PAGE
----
When it comes to Banff’s Big 3, some questions are best left unanswered.
by RYAN STUART photography BY REUBEN KRABBE
The conversation starts gently enough. I’ve just shuffled onto my flight home after three days of skiing in Banff National Park, stepped from the aisle where I’d stowed my bag in the overhead bin and my ski boots under the seat in front of me—like a good airline passenger—when the guy in the window seat lands the loaded question: “Where’ve you been skiing?”
“Sunshine, Norquay and Lake Louise. I did a day at each,” I reply, too quickly to realize I’ve just stepped into the trap.
“So, which one did you like best?”
Now, that’s a dangerous question to answer around Calgary. Albertans know how to hold an opinion and argue it fiercely. Skiers, even more so. All Cow Town shredders and pretty much anyone who’s ever lived in the city, as I did growing up, have a favourite of the Big 3 Banff hills. And I can tell this guy does, too.
My mind does a quick recap of the trip. Lapping runs at Norquay like it was my private resort. Cranking big turns through the wide-open terrain at Sunshine. Burning my quads on Louise’s fall-line vertical. It’s hard to pick a winner, which is a funny feeling.
It used to be no question. I grew up a Lake Louise skier. My dad preferred The Lake because it had a longer, more consistent fall line than the other two. Plus, the sprawling steeps of the Back Bowls were a playground for a teenager aspiring to ski like Scott Schmidt. My best friend was a Sunshine skier. He and his family argued that Sunshine got more snow and was a shorter drive from Calgary, as well. My uncle and his family on the other hand chose Norquay for the convenience—closest to Calgary and Banff—and easygoing nature.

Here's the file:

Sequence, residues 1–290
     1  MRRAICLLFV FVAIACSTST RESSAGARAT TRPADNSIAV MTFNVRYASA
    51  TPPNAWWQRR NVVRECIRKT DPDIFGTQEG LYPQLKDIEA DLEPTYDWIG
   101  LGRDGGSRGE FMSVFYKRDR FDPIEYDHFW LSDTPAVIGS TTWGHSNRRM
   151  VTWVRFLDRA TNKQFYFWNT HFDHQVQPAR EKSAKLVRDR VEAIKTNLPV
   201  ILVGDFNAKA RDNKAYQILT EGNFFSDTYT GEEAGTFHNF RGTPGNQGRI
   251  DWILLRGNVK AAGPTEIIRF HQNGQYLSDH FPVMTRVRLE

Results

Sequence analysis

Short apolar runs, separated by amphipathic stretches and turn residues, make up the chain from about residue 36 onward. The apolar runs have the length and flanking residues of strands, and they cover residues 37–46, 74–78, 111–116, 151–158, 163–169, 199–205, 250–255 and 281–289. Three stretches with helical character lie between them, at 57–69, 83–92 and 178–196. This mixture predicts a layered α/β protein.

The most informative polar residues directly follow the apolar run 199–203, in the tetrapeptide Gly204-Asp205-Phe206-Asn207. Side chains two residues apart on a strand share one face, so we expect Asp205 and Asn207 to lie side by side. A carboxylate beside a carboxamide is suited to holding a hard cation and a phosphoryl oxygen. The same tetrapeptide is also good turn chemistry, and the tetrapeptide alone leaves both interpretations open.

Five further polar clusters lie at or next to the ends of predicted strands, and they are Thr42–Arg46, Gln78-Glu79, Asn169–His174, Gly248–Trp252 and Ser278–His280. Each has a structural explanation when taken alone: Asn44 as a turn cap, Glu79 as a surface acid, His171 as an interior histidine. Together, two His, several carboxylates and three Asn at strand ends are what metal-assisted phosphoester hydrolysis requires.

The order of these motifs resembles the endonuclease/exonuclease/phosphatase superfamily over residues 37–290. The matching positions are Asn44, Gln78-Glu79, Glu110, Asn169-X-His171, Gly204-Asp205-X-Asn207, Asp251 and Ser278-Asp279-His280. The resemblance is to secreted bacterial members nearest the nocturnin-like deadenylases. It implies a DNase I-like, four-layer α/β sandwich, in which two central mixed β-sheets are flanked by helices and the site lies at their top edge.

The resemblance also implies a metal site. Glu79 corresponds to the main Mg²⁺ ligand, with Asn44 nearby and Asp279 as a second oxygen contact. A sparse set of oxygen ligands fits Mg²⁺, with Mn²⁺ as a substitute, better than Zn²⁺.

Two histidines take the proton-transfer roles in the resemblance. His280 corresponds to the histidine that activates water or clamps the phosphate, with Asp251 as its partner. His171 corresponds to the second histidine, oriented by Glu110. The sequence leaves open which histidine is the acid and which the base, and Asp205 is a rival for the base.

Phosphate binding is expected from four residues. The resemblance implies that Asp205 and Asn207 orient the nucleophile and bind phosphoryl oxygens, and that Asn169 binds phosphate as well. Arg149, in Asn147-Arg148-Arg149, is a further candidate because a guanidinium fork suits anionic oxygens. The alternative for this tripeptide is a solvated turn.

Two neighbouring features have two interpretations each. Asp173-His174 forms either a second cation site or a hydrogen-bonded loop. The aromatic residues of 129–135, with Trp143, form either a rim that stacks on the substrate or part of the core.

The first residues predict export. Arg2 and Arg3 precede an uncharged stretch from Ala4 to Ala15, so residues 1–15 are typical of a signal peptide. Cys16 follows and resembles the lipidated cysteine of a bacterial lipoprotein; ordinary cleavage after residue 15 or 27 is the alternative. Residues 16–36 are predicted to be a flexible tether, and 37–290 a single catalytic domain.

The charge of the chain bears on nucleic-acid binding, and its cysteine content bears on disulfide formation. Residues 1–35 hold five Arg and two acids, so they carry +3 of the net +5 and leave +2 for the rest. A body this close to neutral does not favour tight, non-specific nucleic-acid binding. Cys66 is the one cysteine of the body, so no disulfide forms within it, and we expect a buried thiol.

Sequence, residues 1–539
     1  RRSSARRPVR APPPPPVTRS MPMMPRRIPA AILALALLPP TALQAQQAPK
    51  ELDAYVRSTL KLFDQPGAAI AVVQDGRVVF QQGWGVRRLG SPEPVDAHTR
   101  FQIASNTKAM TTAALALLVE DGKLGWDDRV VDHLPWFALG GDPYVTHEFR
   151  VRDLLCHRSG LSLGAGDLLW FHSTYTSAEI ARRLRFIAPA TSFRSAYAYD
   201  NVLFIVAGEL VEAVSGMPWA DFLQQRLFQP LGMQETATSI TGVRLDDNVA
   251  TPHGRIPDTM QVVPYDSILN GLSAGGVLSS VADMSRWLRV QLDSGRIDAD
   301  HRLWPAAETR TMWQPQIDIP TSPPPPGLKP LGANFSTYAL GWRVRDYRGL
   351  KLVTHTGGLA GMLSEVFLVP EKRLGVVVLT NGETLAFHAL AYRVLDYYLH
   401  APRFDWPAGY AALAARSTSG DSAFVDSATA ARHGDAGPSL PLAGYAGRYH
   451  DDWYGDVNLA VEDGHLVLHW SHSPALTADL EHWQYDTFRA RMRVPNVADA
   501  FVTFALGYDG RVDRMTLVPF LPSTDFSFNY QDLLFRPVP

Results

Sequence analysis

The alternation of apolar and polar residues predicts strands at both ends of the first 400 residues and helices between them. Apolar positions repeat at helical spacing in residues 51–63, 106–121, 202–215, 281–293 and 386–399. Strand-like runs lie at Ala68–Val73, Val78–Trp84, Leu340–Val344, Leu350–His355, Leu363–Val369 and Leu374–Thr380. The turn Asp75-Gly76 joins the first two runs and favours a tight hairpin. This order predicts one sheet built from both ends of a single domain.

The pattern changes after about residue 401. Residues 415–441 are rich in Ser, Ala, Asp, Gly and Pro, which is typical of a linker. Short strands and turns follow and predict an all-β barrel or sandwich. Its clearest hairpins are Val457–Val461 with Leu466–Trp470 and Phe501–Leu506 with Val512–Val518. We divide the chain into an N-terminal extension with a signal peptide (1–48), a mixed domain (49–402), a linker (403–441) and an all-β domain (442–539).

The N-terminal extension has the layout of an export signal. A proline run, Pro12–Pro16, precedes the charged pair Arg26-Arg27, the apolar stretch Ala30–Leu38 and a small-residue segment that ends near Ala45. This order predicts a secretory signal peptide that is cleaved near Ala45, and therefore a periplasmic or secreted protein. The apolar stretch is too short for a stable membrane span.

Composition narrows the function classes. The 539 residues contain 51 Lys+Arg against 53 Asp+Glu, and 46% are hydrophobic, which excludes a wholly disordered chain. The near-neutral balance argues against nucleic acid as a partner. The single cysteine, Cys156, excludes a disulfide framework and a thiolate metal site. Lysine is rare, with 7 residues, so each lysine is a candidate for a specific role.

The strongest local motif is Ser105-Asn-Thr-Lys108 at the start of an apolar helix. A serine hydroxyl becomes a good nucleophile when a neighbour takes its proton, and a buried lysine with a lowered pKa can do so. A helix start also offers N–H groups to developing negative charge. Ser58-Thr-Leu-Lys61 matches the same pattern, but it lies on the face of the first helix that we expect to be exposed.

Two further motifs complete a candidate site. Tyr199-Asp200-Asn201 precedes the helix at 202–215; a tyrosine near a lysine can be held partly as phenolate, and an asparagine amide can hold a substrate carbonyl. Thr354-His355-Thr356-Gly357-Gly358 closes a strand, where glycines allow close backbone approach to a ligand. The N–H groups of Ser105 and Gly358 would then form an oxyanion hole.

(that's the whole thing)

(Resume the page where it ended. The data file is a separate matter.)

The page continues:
But all of this was more than 20 years ago. Since then, Sunshine has added some of the steepest fall-line skiing around with Goat’s Eye and Delirium Dive, shaped skis made groomers a lot more fun and my skiing interests have diversified beyond teenaged interests of linking air time.
When I visited Banff last winter I purposefully ignored my prejudices, opened my mind and tried to take in the three resorts like a virgin.
“It’s rare to find a ski resort with so few signs of human presence,” says Simon Moffatt, Norquay’s sales and marketing director. “It’s what sets Banff apart as a ski destination.”
We’re standing at the top of the North American Chair at Mount Norquay enjoying the view, but we could be anywhere in Banff. Being a national park there’s no logging, no mining, no snowmobiles, and few helicopters and airplanes. Just rugged mountains disappearing in every direction.